Verdi, Trovatore, and Marxism


Screen Shot 2016-07-23 at 11.08.54 PMI love Verdi.  I am also a total and complete Marxist.  Unfortunately, in 1935, there was an unfortunate (for me) harmonic convergence of the two.  I have never been able to even listen to Il Trovatore without waxing Marxist.  The real problem is that due to Marxism, I’ve never been able to listen to truly bad performances of any Verdi without suffering from intense PTSD.  The worst moment was when the Met was on tour in Atlanta, and the person I consider the single worst baritone I’ve ever had the misfortune to hear, was doing MacBeth. The performance may have been the worst I’ve ever experienced the Met do.  It was the production with the topless witch dancer.  Need I say more?  If you are a committed Marxist, as am I, you will understand, completely.

“…Verdi, the first child of Carlo Giuseppe Verdi (1785–1867) and Luigia Uttini (1787–1851), was born at their home in Le Roncole, a village near Busseto, then in the Département Taro and within the borders of the First French Empire following the annexation of the Duchy of Parma and Piacenza in 1808…”

Giuseppe Verdi was born approximately a year and a half before the Battle of Waterloo, and about five years after the horrors of the Peninsular War, which profoundly effected the work of Francisco Goya. Verdi adapted Trovatore from a play by Antonio García Gutiérrez, who was born in Cadiz in 1813.  He became a leader of the romantic movement in Spain. The opera was allegedly set in Spain in the later part of the Fourteenth Century.  In his early work, Verdi almost identified with the Risorgimento movement, which was effected by mechanization of Napoleon, and grew out of his defeat.  Verdi was a political animal.  He loved politics, and was devoted to the unification of Italy as a republic.  His music was almost a catalyst for riots, marches, protests, and patriotism.  When listening to his early works, there is almost a tempo or a beat that comes out, usually via his baritones, which was then used by locals as almost protest music.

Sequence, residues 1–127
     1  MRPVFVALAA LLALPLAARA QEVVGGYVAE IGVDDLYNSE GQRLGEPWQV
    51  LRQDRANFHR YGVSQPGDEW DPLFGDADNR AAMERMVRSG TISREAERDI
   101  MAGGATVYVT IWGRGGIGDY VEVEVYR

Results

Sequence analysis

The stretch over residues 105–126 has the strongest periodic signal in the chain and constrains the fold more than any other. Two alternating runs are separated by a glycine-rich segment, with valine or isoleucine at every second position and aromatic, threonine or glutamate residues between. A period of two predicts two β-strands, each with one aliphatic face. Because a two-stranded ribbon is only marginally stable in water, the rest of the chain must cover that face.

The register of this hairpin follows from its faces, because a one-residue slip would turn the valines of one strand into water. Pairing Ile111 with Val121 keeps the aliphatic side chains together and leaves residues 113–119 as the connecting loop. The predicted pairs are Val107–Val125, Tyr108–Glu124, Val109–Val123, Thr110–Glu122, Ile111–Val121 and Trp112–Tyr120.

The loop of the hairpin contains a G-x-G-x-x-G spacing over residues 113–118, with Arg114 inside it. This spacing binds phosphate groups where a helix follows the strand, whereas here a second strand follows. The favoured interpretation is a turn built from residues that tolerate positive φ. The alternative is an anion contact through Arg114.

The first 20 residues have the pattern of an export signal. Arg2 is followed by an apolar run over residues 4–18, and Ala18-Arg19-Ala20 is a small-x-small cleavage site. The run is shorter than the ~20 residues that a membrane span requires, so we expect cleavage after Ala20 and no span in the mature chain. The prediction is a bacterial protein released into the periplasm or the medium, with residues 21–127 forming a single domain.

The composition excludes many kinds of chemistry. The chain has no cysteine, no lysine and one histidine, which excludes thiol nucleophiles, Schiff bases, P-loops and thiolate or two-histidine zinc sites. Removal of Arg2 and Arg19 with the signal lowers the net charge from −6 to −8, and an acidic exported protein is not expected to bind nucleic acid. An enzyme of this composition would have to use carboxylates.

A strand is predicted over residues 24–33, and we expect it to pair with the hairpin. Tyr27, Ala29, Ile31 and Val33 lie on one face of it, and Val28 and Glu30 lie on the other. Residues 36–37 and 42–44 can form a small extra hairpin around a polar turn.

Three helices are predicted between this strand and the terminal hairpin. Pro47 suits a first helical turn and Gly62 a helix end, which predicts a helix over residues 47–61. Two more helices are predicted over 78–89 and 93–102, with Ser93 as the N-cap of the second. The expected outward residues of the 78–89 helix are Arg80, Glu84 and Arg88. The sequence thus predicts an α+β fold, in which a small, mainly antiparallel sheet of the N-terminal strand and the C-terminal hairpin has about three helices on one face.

“…Nevertheless, Giuseppe Verdi is considered the most important composer and an emblematic figure of the Risorgimento; many of his works are linked to Italian unification. In particular, the Chorus of the Hebrew Slaves (known as Va, pensiero) from the third act of the opera Nabucco was intended to be an anthem for Italian patriots, who were seeking to unify their country and free it from foreign control in the years up to 1861 (the chorus’s theme of exiles singing about their homeland, and its lines like O mia patria, si bella e perduta / “O my country, so lovely and so lost” was thought to have resonated with many Italians). Beginning in Naples in 1859 and spreading throughout Italy, the slogan “Viva VERDI” was used as an acronym for Viva Vittorio Emanuele Re D’Italia (Viva Victor Emmanuel King of Italy), referring to Victor Emmanuel II…”

Verdi grew up in a world struggling to survive the ravages of Napoleon.  Today, people don’t realize what a pathological monster Napoléon Bonaparte was.  Upward of nearly 7 million people lost their lives due to his obscene ambitions.  The northern hemisphere was beginning to experience the ravages of intense climate change, brought about by the eruption of Tambora in April of 1815.  The following Year Without a Summer, was one of massive starvation. Upward of a quarter of a million people in Europe died that year. It took many years for Europe to begin warming.  The summer of 1816 saw a small house party of very bored and highly creative people, at Lake Geneva, dare one another to create the most horrific tale.  A 19-year-old woman wrote The Modern Prometheus. At the same house party, another tale was written known as a Fragment of a Novel.  From it the modern vampire was born.

I mention all of this to set the political background of the ground-breaking and historic Marxist interpretation of Il Trovatore in A Night at the Opera.  It is a version of an opera which has profoundly effected me.  I suspect Verdi would not be amused.  When I say Marxist I am talking about Groucho, Harpo, and Chico Marx. I love the music of Verdi, but have a very serious problem when I hear the opening bars of Trovatore.  You will soon understand why, especially when you understand I love baseball even more than I love opera.

Please forgive me.

After watching this, it is impossible to watch a normal version.

The point behind this?  You can have fun with opera.  It also gives me yet another excuse to feature my favorite baritone!

Okay, I’m shameless.  Please, forgive me.  It is Hall of Fame Weekend, and somehow I had to get Take Me Out to the Ballgame in there, somewhere!  And, seriously, the Met’s current version of Trovatore is the best I’ve ever seen.  Maybe the baritone helps.